I am writing to support Mamadou Ba, a Senegalese Portuguese citizen of Portugal, who is a Graduate Student in the Institute for Gender, Race, Sexuality, and Social Justice (GRSJ) at the University of British Columbia (Vancouver). Mr. Ba was admitted, to our Graduate Program as an international student through a very competitive evaluation of over 220 graduate applications. As a Professor, and the longest serving faculty member in GRSJ, I am deeply troubled by the fact that Mr. Ba has had to return to Portugal on Nov 23rd, 2022 to face a defamation and injury case. I have known Mamadou Ba for almost 12 months: in April 2022, he completed my graduate course, GRSJ 501: Anti-Colonial & Feminist Qualitative Methods of Inquiry. In this course, Mamadou distinguished himself as a thoughtful, industrious, mature, and conceptually talented activist-scholar. Through his comprehensive research proposal and conference presentation, I learned that Mamadou Ba is keen to engage in ethical, ethnographic research on themes related to poverty, inequality, and economic justice with, and for, marginalized communities in Portuguese cities. It would be devastating for Mamadou, his family, and extended relations in Portugal, Vancouver, and globally, to be persecuted as an outspoken, principled, and decorated anti-Black leader. Indeed, Mr. Ba has achieved an esteemed record of efforts to advance the legal and human rights of racialized communities in Portugal. A member of SOS Racismo Portugal since the late 1990s, Mamadou Ba has faced intensified scrutiny over the past decade, with death threats from extreme right and neo-Nazi organizations. I want to add my voice to the call for justice for Mamadou Ba, who has worked tirelessly to expose structural racism, police brutality, and racial violence in Portugal.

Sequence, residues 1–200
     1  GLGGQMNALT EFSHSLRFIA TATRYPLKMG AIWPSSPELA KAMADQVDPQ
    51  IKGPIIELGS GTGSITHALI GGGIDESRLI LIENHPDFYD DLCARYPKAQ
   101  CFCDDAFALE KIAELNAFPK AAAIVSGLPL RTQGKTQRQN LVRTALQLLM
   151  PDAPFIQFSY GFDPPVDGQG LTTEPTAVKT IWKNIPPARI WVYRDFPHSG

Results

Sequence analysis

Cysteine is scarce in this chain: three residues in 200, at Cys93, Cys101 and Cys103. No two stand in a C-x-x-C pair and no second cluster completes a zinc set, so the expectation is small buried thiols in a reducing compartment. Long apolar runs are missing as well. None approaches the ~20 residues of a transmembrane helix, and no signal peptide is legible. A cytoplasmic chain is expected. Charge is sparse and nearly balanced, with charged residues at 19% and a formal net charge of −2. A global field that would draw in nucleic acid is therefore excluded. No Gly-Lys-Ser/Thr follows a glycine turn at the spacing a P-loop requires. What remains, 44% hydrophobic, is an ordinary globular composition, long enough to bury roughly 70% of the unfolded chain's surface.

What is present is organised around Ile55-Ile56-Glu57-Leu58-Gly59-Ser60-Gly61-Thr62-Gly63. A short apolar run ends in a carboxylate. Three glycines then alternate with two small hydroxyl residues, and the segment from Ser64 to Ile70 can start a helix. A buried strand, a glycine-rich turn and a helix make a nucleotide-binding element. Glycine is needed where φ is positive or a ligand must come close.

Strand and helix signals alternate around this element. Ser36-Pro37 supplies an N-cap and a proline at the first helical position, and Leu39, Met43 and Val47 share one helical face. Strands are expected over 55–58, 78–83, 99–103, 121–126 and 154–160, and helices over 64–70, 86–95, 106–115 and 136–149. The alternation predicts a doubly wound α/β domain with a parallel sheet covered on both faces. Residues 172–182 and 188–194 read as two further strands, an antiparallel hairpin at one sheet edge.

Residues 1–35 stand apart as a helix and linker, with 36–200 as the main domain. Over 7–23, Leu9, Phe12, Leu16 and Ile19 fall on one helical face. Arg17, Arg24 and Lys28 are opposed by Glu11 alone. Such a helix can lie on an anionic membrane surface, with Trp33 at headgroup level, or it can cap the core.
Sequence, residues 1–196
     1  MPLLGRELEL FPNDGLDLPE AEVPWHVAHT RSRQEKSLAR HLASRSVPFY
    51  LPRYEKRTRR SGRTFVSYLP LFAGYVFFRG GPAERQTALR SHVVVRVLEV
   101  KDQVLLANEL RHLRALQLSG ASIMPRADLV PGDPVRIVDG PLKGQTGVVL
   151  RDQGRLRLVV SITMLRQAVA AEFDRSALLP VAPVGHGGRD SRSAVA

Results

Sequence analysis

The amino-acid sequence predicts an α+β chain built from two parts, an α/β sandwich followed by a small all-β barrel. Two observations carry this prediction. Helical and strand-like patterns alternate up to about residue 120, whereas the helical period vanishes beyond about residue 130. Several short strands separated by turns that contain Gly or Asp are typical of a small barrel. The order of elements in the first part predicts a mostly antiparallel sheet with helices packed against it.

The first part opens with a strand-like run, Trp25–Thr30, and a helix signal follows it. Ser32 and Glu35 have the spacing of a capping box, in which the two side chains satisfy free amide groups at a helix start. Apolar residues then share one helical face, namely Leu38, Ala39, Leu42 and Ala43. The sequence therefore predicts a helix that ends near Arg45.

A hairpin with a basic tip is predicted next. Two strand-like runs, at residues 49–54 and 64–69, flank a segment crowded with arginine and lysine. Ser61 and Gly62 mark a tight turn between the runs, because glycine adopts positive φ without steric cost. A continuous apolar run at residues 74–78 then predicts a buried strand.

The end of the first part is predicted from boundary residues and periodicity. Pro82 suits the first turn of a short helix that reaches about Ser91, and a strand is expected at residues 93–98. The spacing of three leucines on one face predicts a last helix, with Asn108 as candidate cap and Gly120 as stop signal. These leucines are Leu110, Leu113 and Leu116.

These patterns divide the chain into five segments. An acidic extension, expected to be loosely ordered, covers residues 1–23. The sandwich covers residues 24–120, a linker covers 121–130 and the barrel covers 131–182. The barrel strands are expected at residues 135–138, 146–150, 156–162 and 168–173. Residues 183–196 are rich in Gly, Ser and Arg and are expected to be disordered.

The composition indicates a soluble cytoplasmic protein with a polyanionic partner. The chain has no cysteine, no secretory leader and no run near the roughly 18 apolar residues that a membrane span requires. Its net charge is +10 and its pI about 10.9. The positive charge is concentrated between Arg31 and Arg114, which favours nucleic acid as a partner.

Becki L. Ross
Professor, Department of Sociology & Institute for Gender, Race, Sexuality, and Social Justice
University of British Columbia